During an eye test, eye doctors use eye charts to measure how well you see in the distance, compared with other human beings.
The classic example of an eye chart is the Snellen eye chart, developed by Dutch eye doctor Hermann Snellen in the 1860s. There are many variations of the Snellen eye chart, but in general they show 11 rows of capital letters. The top row contains one letter (usually the “big E,” but other letters can be used). The other rows contain letters that are progressively smaller.
During an eye exam, your eye doctor will ask you to find the smallest line of text letters that you can make out, and ask you to read it. If you can read the bottom row of letters, your visual acuity is very good.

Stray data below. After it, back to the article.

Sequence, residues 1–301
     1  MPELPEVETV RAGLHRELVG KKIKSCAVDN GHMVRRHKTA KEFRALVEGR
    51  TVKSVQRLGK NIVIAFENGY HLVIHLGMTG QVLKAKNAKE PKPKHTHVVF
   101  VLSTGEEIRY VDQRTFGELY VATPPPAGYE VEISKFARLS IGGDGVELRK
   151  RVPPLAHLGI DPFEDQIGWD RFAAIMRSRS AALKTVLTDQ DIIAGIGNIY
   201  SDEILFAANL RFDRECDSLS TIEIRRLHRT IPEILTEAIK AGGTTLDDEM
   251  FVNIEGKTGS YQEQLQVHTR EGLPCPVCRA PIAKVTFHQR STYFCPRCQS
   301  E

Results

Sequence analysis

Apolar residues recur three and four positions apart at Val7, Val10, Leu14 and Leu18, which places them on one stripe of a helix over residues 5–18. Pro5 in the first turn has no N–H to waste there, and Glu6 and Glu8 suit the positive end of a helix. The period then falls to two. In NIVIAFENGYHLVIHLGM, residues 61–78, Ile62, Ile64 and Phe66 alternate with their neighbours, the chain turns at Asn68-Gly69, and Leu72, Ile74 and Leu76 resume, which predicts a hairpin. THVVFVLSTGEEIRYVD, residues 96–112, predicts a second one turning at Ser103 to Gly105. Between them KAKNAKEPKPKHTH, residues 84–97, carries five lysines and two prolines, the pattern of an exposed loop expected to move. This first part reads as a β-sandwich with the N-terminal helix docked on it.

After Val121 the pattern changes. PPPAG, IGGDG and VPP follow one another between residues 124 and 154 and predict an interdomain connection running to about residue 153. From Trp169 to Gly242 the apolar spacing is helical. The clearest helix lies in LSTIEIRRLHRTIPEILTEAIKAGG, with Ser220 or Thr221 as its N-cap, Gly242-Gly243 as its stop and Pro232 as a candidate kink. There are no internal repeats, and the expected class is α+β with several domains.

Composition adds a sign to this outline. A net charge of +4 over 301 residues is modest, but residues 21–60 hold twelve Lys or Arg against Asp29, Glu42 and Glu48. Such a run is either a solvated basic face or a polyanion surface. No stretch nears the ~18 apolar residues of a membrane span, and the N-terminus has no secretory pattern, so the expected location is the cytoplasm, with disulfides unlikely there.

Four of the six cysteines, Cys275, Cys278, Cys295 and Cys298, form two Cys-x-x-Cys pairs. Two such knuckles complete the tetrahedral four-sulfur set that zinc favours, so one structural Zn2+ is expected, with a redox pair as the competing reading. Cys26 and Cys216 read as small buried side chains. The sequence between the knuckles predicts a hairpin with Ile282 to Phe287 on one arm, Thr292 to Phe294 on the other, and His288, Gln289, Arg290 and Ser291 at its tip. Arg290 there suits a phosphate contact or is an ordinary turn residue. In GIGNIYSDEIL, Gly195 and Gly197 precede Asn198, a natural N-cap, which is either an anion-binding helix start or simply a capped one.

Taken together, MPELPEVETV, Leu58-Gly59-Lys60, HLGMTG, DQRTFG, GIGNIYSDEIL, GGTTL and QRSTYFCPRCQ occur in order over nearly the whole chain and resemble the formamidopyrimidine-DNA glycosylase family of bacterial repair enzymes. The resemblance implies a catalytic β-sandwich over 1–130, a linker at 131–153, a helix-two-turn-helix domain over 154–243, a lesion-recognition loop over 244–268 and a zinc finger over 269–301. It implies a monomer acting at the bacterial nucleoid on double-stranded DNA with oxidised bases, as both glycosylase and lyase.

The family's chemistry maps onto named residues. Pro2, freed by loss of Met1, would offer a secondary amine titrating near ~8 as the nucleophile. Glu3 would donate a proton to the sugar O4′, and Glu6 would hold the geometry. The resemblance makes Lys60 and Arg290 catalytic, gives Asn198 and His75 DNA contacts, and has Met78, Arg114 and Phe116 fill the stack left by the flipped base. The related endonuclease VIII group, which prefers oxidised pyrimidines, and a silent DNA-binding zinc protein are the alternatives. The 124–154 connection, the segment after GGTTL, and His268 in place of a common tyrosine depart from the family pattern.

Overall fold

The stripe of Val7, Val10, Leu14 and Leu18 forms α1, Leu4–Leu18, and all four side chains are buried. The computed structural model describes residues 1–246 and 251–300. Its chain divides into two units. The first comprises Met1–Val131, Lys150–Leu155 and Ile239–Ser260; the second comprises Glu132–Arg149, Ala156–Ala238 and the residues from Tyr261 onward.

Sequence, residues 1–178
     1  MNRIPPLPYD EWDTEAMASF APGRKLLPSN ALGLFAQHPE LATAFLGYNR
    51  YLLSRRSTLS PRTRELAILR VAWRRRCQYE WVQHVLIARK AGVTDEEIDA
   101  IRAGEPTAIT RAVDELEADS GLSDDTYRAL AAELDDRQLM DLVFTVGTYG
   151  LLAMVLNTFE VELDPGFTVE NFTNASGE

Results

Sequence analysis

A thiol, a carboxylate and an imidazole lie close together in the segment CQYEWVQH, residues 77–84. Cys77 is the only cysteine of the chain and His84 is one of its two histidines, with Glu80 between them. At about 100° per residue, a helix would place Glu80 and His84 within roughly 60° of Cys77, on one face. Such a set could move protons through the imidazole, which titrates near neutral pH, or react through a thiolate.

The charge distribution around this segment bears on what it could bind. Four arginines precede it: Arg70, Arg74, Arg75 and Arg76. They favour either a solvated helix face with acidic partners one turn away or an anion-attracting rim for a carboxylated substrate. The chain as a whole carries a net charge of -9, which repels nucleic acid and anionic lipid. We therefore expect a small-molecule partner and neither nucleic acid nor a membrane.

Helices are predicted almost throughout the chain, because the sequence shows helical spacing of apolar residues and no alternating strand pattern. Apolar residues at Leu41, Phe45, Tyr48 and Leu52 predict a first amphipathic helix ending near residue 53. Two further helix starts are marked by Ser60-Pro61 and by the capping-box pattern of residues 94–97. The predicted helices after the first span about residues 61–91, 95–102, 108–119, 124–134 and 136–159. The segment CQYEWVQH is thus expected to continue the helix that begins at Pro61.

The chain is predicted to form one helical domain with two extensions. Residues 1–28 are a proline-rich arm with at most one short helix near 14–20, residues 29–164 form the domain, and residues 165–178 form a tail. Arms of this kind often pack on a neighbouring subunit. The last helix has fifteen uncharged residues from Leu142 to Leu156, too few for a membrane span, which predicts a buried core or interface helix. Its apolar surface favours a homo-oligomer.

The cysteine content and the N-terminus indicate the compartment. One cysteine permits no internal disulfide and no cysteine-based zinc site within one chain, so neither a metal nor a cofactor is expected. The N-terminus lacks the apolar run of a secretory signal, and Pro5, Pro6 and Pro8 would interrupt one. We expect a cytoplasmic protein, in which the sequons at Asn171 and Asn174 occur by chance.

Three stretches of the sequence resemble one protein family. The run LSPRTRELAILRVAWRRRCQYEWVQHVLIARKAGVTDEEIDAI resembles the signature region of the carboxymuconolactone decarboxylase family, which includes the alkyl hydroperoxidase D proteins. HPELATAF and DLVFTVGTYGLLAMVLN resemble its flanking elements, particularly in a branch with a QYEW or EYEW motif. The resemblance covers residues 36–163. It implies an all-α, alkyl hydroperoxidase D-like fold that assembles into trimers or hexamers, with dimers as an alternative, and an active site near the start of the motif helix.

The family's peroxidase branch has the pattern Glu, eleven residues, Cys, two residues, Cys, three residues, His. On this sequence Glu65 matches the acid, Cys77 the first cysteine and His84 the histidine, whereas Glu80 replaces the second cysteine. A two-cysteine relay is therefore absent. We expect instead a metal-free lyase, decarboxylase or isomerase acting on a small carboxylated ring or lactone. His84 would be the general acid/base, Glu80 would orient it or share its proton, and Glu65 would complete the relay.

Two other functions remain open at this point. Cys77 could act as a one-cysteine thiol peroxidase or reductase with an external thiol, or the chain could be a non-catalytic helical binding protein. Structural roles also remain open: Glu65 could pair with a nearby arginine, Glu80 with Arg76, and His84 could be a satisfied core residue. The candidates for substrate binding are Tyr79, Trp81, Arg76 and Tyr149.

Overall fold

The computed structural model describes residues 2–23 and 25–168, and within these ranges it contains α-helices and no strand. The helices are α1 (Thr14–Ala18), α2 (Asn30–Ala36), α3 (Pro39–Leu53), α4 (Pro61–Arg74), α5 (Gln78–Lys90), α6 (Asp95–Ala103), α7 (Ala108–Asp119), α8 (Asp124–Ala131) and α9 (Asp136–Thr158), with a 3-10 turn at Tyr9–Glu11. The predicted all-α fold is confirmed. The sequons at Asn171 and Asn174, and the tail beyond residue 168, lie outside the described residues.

Eye charts can be configured in various ways, but generally, if during an eye test you can read the big E at the top but none of the letters lower than that, your vision is considered 20/200. That means you can read at 20 feet a letter that people with “normal” vision can read at 200 feet. So at 20/200, your visual acuity is very poor.
Usually the 20/20 line of letters is fourth from the bottom, with 20/15, 20/10 and 20/5 below that. Not many people have 20/10 or better visual acuity, but many animals do, especially birds of prey, which have been estimated to have an acuity of 20/5 or even better.